The Works of Charles and Mary Lamb — Volume 6 eBook

This eBook from the Gutenberg Project consists of approximately 491 pages of information about The Works of Charles and Mary Lamb Volume 6.

          Oh! seek it there,
        Turn to its teachings with devoted will;
          Watch unto prayer,
        And in the power of faith this law fulfil.

BARTON’S “THE TRANSLATION OF ENOCH”

FROM NEW YEAR’S EVE, 1828

(See Letter 467, page 841)

“And Enoch walked with God:  and he was not; for God took him.”

Genesis.

Through proudly through the vaulted sky
Was borne Elisha’s sire,
And dazzling unto mortal eye
His car and steeds of fire: 

To me as glorious seems the change
Accorded to thy worth;
As instantaneous and as strange
Thy exit from this earth.

Something which wakes a deeper thrill,
These few brief words unfold,
Than all description’s proudest skill
Could of that hour have told.

Fancy’s keen eye may trace the course
Elijah held on high: 
The car of flame, each fiery horse,
Her visions may supply;—­

But THY transition mocks each dream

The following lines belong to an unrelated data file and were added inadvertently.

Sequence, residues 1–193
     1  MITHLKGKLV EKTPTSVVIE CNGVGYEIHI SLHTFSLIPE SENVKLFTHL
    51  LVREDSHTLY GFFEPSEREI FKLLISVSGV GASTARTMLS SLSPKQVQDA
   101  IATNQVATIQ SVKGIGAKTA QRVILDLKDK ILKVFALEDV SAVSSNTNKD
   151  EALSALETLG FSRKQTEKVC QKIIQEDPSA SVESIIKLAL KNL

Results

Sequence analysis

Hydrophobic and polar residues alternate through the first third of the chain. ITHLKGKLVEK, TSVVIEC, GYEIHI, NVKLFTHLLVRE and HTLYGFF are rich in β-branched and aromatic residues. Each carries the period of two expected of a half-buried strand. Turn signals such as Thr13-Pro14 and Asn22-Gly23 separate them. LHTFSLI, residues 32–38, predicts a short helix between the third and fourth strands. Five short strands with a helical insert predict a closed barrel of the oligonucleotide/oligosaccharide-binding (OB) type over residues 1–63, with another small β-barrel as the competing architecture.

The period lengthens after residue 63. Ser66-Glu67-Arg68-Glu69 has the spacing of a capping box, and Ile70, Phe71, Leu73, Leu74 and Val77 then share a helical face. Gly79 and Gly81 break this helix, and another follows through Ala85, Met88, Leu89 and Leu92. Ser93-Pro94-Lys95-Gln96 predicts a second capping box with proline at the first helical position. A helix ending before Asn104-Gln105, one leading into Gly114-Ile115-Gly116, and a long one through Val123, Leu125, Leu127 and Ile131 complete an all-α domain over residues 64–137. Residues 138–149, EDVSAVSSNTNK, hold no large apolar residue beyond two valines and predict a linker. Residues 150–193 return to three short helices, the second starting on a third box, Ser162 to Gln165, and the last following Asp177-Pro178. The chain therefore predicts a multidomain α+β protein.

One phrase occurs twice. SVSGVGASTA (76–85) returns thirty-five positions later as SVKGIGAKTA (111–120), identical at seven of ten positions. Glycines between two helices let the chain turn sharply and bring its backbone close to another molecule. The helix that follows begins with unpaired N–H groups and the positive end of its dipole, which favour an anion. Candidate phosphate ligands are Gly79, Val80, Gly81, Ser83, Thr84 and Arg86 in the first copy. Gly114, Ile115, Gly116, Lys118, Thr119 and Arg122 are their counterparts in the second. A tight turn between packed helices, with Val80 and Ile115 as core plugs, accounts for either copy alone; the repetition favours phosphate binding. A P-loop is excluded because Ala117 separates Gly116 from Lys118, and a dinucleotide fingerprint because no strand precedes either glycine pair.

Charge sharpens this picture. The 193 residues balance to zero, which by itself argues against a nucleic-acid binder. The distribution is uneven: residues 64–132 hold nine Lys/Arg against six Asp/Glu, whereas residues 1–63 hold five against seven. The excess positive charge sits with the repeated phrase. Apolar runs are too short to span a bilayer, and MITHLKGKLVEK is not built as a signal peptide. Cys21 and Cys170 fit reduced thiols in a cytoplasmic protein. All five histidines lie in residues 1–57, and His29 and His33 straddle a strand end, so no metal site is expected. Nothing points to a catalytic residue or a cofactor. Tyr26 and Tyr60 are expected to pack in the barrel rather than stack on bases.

Framed by her wildest power,
Nor can her mastery supreme
Conceive thy parting hour.

Were angels, with expanded wings,
As guides and guardians given? 
Or did sweet sounds from seraphs’ strings
Waft thee from earth to heaven?

’Twere vain to ask:  we know but this—­
Thy path from grief and time
Unto eternity and bliss,
Mysterious and sublime!

With God thou walkedst:  and wast not! 
And thought and fancy fail
Further than this to paint thy lot,
Or tell thy wondrous tale.

TALFOURD’S “VERSES IN MEMORY OF A CHILD NAMED AFTER CHARLES LAMB”

FROM THE FINAL MEMORIALS OF CHARLES LAMB

(See Letter 469, page 846)

Our gentle Charles has pass’d away
From Earth’s short bondage free,
And left to us its leaden day
And mist-enshrouded sea.

Here, by the restless ocean’s side,
Sweet hours of hope have flown,
When first the triumph of its tide
Seem’d omen of our own.

That eager joy the sea-breeze gave,
When first it raised his hair,
Sunk with each day’s retiring wave,
Beyond the reach of prayer.

The sun-blink that through drizzling mist,
To flickering hope akin,
Lone waves with feeble fondness kiss’d,
No smile as faint can win;

Yet not in vain, with radiance weak,
The heavenly stranger gleams—­
Not of the world it lights to speak,
But that from whence it streams.

That world our patient sufferer sought,
Serene with pitying eyes,
As if his mounting Spirit caught
The wisdom of the skies.

With boundless love it look’d abroad
For one bright moment given;
Shone with a loveliness that aw’d,
And quiver’d into Heaven.

A year made slow by care and toil
Has paced its weary round,
Since Death enrich’d with kindred spoil
The snow-clad, frost-ribb’d ground.

Copyrights
Project Gutenberg
The Works of Charles and Mary Lamb — Volume 6 from Project Gutenberg. Public domain.
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